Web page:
And just like that, the school calendar is over, and in comes in the longest School break of the year. It is good for the kids, a moment for rejuvenation. After all, they have been studying hard all year? It’s a good time to have good ol’ family time with them. And yet, it may not be so exciting for many parents. It’s a time one asks, what will I do with these children during such a long break? It’s a moment where patience must reign supreme, a period to ensure those blood pressure levels don’t go beyond normal.
I am a strong believer of holiday breaks. My teen daughter will be sitting her final high school exams next year. I know what she will be doing during her off season, revision. Hopefully. But then, I also recognize that hard work with no play will certainly turn her into some grumpy girl. I am still dealing with her teen moods.
Many of us, at least in the middle class, don’t know what to do with our kids. There are several factors. One, we live in neighborhoods comprised of enclosed estates. You don’t quite seem to know, or even trust, your neighbor or their children. Because we are busy, because we are yet to grasp the Know Your Neighbor initiative.
Secondly, some parents do not know their children well. As we chase our dreams, there’s not enough time spent with them. What we do should never be at the expense of our kids. There is a lot of societal pressure to do certain things at a certain time, but should we easily sacrifice our families at the pedestal of our pursuit of these achievements? Many children are left alone, left to watch TV or internet without restrictions. And that can come with such negative impact in their future lives.
Thirdly, our education system has been designed in a manner that play is sometimes considered foolish. There’s a tendency to lean towards academics and away from physical activities. It’s unlike in the West, where programs are designed that benefit the extracurricular activities based largely around sports and the arts. We’ve seen many such exciting programs coming up in Kenya, but the prices, oh the prices!
But what options can we look at for our children during this school break? How can we positively impact their lives? Where can we involve them as they take their breaks from academics? Here are some examples:
- Let them spend time with their grandparents if it is possible. It’s always something to cherish. However, it should also be time-bound to allow you, as the primary caregiver, time to bond with your children.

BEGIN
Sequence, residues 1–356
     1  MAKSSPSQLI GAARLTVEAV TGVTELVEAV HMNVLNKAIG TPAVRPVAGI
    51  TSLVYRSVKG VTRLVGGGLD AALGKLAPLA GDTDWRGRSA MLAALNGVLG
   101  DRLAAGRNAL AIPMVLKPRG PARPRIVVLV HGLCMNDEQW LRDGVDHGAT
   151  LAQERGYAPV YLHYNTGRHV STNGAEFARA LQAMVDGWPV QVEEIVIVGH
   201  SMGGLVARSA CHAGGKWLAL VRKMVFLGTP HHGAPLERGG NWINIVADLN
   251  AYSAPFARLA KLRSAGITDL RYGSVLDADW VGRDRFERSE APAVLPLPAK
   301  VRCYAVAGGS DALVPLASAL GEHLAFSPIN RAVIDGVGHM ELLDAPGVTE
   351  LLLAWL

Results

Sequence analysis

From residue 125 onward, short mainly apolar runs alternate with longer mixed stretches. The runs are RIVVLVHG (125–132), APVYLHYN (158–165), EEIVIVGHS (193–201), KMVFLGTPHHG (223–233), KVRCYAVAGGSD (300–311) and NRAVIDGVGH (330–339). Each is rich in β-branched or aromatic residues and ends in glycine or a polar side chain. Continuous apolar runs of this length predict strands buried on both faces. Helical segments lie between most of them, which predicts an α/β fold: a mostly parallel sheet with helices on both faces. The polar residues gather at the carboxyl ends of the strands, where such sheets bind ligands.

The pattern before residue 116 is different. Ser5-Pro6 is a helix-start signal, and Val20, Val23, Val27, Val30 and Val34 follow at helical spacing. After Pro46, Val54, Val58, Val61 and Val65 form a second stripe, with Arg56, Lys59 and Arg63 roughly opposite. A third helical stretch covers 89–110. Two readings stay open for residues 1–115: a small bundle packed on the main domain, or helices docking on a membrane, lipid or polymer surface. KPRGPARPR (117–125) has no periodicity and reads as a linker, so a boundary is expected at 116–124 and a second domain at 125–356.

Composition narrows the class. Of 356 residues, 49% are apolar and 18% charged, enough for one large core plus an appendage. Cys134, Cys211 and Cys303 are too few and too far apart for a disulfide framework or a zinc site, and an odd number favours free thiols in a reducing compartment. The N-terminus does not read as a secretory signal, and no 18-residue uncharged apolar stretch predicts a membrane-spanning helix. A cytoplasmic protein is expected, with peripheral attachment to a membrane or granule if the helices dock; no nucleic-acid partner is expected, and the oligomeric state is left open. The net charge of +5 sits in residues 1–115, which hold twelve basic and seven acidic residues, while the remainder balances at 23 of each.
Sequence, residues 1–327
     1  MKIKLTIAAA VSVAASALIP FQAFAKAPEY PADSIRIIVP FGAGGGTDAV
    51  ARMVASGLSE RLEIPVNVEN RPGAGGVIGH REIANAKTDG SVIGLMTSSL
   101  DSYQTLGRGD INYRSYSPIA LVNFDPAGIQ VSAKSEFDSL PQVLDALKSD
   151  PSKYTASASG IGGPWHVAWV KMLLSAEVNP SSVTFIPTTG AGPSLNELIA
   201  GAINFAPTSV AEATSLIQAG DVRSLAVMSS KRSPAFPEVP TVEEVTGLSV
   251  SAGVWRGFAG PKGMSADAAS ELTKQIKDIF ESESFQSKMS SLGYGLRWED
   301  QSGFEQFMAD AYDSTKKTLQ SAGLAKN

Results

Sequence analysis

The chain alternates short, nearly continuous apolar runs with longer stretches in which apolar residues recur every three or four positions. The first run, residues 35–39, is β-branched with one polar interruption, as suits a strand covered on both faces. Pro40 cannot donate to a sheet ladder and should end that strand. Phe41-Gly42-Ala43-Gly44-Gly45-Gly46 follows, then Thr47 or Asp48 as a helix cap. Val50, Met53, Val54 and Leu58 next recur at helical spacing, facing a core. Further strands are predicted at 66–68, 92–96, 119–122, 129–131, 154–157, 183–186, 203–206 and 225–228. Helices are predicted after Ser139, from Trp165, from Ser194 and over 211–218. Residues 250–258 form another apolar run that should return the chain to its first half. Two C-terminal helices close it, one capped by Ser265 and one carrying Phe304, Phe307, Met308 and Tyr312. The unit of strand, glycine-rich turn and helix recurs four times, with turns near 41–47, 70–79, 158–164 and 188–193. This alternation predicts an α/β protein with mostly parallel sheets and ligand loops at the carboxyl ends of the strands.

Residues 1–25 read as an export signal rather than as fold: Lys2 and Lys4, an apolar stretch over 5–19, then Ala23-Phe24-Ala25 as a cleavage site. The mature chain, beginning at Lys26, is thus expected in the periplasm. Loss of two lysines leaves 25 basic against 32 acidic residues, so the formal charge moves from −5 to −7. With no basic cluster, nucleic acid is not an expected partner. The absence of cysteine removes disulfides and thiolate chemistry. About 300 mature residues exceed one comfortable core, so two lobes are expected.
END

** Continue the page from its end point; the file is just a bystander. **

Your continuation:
- Enroll your child in an arts or sports program. Let them play in the community playgrounds within the estates. Let them get to interact with their peers through such occasions. My friend Muregz is running a dance program for children between the ages of 6 and 12. Worth considering.
- Expose them to opportunities where they can learn life skills. Consider them doing an apprenticeship at your place of work, or at a relative’s business. There are a couple of programs for teenagers, like Centonomy for Teenagers, where they get to learn how to handle finances.
- Engage them in a reading culture – other books besides their school textbooks.
- Allow the children to participate in church activities. Many churches have activities that will not only benefit the children spiritually but socially and physically as well.
- Be available for them. Be present. Play with them – invest in board games. Interact. Don’t spoil them with material stuff. Your presence means much more. Our relationships with the children are key for their development.
There are many other activities where you could indulge your kids. They will appreciate it, and you will too, as we learn to prepare early for these school breaks. Planning will also help us make financial plans for these activities, especially given that holiday celebrations in December and the demand for school fees in January are coming fast around the corner.